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Fertility pioneer Jones still telling his story

Published on NewsOK Modified: December 27, 2012 at 9:47 am •  Published: December 27, 2012
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The Joneses had their supporters, though, and, in one instance, medical students took up so many of the seats at a hearing about the technique that protesters had few places left to sit.

In his book, Jones writes: "At the time of the birth of our first baby, Elizabeth Carr, in December of 1981, the leader of the opposition, Mr. Charles Dean, paraded in front of the hospital with a sandwich board saying, 'see me for the truth,' and he was distributing pamphlets describing the terrible things that were being done."

Jones also writes about the invitation extended to him and his wife by the Vatican in 1984 to discuss the moral implications of the procedure, which the Catholic church opposes.

Most of his books are scientific in nature, but he's recently tried his hand at a more general audience. For instance, in 2004, he published "War and Love: A Surgeon's Memoir of Battlefield Medicine with Letters to and from Home." The book described his years as a surgeon during World War II through letters he wrote to his endocrinologist wife.

Jones has always managed to be on the cutting edge of science and debate. At Johns Hopkins in 1951, he was the first doctor to treat Henrietta Lacks, the woman whose cancerous cervix led to an immortal cell line for medical research, written about by Rebecca Skloot in "The Immortal Life of Henrietta Lacks." In the 1960s, he worked alongside British scientist Robert Edwards, who helped create the world's first test-tube baby in England in 1978 and was awarded the Nobel prize in medicine in 2010.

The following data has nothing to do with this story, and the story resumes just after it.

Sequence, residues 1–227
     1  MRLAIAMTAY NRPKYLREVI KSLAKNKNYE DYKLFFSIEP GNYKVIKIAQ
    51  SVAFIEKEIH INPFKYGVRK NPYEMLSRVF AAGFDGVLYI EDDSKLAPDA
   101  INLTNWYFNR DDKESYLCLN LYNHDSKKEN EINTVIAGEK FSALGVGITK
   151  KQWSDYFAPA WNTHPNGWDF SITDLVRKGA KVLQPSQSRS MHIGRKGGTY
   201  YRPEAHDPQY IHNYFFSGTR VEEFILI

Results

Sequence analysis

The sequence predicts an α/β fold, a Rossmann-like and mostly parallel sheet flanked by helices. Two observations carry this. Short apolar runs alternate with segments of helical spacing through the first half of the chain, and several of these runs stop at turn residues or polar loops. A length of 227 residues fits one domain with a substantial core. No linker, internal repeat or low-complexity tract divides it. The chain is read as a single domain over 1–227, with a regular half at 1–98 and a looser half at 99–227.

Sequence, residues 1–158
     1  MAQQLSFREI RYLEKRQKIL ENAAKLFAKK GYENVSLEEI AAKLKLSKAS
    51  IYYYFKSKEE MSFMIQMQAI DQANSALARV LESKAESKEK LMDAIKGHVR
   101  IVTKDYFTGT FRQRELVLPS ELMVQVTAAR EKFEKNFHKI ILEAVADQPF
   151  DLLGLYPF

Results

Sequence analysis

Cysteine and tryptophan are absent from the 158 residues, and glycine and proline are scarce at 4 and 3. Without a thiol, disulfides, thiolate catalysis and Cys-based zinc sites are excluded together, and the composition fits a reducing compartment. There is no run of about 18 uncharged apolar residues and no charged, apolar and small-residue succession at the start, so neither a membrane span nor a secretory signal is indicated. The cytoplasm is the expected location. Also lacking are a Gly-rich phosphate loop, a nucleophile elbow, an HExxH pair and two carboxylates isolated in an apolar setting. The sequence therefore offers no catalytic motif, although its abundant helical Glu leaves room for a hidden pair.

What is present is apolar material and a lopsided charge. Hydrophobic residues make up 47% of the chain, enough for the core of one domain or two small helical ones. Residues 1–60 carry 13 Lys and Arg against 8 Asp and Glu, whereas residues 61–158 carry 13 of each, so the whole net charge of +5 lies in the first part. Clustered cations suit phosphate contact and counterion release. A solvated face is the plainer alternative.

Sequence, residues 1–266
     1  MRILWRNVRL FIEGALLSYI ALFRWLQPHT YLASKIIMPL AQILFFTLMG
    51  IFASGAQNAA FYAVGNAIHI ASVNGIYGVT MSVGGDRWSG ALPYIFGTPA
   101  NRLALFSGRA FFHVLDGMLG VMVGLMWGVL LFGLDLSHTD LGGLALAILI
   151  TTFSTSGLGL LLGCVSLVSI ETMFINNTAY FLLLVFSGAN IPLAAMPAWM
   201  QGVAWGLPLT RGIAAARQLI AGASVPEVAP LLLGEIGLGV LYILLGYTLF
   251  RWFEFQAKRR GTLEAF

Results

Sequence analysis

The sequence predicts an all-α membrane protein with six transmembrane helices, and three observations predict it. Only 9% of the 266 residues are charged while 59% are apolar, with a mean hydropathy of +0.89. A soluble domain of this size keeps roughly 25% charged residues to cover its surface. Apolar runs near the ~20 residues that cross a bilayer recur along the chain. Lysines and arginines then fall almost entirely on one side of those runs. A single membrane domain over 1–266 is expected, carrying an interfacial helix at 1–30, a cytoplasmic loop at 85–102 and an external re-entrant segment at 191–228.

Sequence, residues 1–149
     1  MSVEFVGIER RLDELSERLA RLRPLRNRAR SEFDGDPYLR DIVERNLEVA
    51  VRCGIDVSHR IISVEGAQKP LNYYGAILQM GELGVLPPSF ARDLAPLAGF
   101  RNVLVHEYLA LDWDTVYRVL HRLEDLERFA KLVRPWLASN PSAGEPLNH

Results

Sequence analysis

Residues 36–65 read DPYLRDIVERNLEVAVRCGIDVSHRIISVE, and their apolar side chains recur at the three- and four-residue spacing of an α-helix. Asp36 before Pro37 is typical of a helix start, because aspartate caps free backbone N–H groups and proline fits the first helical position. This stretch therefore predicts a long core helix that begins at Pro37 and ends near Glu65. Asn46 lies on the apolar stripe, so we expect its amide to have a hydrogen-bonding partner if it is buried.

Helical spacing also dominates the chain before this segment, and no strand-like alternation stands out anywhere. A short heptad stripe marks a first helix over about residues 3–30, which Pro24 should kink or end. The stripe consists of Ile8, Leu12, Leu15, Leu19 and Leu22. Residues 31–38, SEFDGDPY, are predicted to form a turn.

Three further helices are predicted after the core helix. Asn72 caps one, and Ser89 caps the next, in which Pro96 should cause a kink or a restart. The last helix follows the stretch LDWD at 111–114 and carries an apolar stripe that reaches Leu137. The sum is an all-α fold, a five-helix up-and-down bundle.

Nancy Garcia, who has worked as Jones' administrative assistant for 33 years, helped him put the book together and is gathering his notes for the next one.

"The thing that amazes me is his recall after all these years," Garcia said. "The detail that he can remember is unbelievable."

She said he enjoys writing. "It's what keeps his mind sharp."

Perhaps having famed poet Robert Frost as an English professor at Amherst College helped hone his writing skills.

Jones keeps in touch with the country's first in-vitro baby - who goes by her married name, Elizabeth Comeau, and works for the Boston Globe - and her parents.

He's heard from friends and experts in the field about his most recent book, but quipped:

"I haven't heard from the pope yet."